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How to Give a Cat a Bath Without Water

Brooke Billingsley

By Brooke Billingsley

a cat cuddling with woman owner

Most cats are known to be very vocal opponents of baths. After all, many cats aren’t that into getting wet or swimming. The good thing about cats is they are self-cleaning animals that are fastidious about their personal hygiene. Unfortunately, not all cats got the memo. Sometimes, bathing a cat is a necessity. Some cats lack the motor skills to properly clean themselves, while others lack the motivation. Some cats physically can’t bathe themselves due to their size.

Sometimes, things happen and your cat may end up needing a bath. If your cat is stressed by baths, though, knowing how to bathe your cat without using water can really come in handy. This article can help you get started! Waterless baths can greatly reduce your cat’s stress level associated with baths and help your cat get used to having a little assistance with hygiene from time to time.

Supplies You’ll Need

  • Waterless cat shampoo
  • Cat-safe fragrance-free wipes
  • Grooming brushes

How to Give Your Cat a Waterless Bath

1. Brush off loose fur.

woman brushing the Persian cat
Image Credit: ANURAK PONGPATIMET, Shutterstock

The type of brush you’ll use for your cat will vary based on your cat’s coat length and type. To remove loose fur, though, a basic slicker brush will likely suffice. This will be the first of two brushings if your cat will allow it, so your goal should just be to remove loose hair and any loose debris that may be stuck in your cat’s fur, like small bits of litter. This round of brushing should be quick, easy, and low stress for you and your cat.


2. Wipe your cat down.

Using cat-safe fragrance free wet wipes, wipe your cat down from head to toes. Avoid the sensitive eye area unless the wipes specifically say they are safe for use around the eye area. Wipes won’t get a deep clean, but they’re a great way to quickly remove surface dirt from your cat’s coat. They can also help begin to loosen debris that is stuck onto the skin or coat. Keep in mind that for some stuck-on waste and debris, it may take multiple rounds of brushing or wiping to loosen the debris enough to get it comfortably removed without hurting or stressing your cat.


3. Use waterless shampoo.

a woman applying dry shampoo to a cat
Image Credit: Koltsov, Shutterstock

Waterless shampoo for cats is an easy way to get your cat clean without having to fully soak your cat in water or rinse them. Waterless shampoo is intended to be used without water, so it doesn’t require rinsing. It can cut the time it takes to bathe a cat down significantly and causes far less stress. For stuck-on debris, you can apply a little waterless shampoo and allow it to sit for a couple of minutes, and then gently begin working at the debris to get it removed from the fur or skin.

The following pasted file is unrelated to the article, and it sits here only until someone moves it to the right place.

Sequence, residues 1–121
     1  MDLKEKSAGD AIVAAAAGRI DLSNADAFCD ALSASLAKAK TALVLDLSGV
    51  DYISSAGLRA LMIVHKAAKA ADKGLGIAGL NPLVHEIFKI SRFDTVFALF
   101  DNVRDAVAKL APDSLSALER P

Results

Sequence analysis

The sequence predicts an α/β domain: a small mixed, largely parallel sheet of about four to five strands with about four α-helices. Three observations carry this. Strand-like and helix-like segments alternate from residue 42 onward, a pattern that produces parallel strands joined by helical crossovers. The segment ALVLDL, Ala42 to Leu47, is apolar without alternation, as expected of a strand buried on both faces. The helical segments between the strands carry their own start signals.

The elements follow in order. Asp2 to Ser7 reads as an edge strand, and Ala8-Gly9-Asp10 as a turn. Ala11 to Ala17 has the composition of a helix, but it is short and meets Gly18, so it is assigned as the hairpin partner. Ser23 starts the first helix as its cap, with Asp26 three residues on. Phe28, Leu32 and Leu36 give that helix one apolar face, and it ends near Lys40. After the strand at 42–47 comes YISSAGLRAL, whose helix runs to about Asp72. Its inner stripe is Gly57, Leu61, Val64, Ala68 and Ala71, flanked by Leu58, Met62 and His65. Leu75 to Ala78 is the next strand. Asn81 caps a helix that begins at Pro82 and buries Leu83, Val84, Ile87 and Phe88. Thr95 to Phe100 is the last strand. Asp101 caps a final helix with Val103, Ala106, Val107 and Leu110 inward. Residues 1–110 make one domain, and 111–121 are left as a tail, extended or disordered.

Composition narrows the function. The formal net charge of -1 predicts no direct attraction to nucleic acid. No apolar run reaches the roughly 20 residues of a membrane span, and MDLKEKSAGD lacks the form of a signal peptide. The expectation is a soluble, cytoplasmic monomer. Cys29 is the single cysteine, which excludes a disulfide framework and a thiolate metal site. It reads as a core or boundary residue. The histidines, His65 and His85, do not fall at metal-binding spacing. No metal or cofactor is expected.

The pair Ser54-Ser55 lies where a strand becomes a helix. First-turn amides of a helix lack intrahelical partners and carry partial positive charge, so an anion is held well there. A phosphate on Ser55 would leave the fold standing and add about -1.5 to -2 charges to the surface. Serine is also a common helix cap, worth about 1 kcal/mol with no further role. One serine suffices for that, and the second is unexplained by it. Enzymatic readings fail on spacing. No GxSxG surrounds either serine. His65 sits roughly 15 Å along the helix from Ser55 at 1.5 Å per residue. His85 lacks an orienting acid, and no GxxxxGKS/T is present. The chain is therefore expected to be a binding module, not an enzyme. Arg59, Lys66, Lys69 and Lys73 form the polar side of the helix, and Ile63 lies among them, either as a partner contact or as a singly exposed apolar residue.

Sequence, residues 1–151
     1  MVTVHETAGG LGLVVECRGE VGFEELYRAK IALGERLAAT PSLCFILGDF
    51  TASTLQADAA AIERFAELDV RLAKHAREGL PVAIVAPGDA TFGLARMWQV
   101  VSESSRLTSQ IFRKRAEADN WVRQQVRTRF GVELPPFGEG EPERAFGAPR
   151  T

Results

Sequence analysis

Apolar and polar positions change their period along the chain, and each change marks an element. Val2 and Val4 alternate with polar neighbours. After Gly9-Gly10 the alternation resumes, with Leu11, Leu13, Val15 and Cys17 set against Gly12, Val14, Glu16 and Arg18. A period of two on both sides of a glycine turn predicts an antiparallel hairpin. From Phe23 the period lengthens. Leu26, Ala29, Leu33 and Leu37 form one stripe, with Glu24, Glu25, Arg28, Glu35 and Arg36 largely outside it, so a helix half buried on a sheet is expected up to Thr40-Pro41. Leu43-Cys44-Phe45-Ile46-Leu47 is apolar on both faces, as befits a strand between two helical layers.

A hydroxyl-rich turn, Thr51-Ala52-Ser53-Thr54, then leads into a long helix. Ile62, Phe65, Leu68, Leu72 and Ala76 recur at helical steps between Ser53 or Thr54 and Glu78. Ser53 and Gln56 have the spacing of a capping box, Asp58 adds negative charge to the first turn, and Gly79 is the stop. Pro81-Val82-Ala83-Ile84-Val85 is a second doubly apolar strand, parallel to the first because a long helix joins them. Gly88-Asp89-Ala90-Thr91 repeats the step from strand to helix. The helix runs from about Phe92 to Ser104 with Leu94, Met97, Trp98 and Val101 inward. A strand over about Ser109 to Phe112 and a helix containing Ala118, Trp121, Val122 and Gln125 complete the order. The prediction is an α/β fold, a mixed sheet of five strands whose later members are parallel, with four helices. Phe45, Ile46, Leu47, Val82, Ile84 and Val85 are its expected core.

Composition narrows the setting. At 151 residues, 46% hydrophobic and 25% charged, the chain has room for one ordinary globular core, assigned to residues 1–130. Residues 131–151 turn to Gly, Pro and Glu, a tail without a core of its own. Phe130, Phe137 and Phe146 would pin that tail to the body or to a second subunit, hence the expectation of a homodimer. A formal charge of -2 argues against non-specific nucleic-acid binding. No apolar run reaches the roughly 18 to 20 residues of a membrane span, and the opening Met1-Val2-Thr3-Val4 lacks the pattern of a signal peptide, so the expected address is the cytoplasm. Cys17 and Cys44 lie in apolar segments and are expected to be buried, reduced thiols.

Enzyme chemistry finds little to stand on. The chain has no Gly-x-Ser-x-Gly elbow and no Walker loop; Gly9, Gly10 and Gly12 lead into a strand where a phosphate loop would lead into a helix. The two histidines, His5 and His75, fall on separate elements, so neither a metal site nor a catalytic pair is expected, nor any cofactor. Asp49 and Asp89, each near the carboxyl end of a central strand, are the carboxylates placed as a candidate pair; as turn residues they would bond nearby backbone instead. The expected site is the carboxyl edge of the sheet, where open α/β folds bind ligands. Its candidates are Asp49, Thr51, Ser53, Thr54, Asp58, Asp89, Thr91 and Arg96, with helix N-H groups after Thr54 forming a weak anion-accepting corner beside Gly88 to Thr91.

4. Give a more in-depth brushing.

Allow your cat to dry from the wipes and waterless shampoo for a couple of minutes and then begin brushing. If your cat has mats and tangles, you can use a grooming comb or mat remover to start getting them out. However, keep in mind that cats have thin skin that can be easily torn by rough handling, so it’s important to work slowly and gently to remove tangles and mats to avoid injuring your cat. If you handle your cat roughly, you may not even have to break the skin to leave your cat unwilling to work with you on brushing in the future. If needed, take lots of breaks and come back to the brushing task throughout the day to keep your cat comfortable.


5. Repeat with wipe or waterless shampoo if needed.

For an especially yucky kitty, go back over with multiple rounds of wipes or waterless shampoo if needed. This is more likely to go over with cats that are tolerant of being handled than with cats that you’re doing this process on because they are intolerant of general handling.

cat's ear is being cleaned with ear cleaner wipes
Image Credit: NONGASIMO, Shutterstock

An Extra Note

If your cat has notable mats or tangles that you are struggling to release, it’s important to take your cat to a groomer or vet who can safely work these mats out without injuring your cat. If you are giving your cat a waterless bath because they have scabs or other skin issues, you should skip the bath and have your cat examined by a vet first. There are multiple skin issues that can cause skin irritation, and using bathing chemicals on them can do more harm than good.

In Conclusion

Giving your cat a waterless bath is a wonderful way to make the bathing experience less stressful for your cat. If your cat tends to get waste and debris stuck in their fur, you may talk to your vet about long-term management options. Some cats require some professional interventions, like trims around the bottom, that can make maintaining hygiene easier on you and your cat.

Good luck on giving your cat a clean using these steps! We hope this article made the idea of a waterless bath less daunting or confusing. We bet your cat will appreciate the extra effort in helping it stay clean.


Featured Image Credit: cottonbro, Pexels

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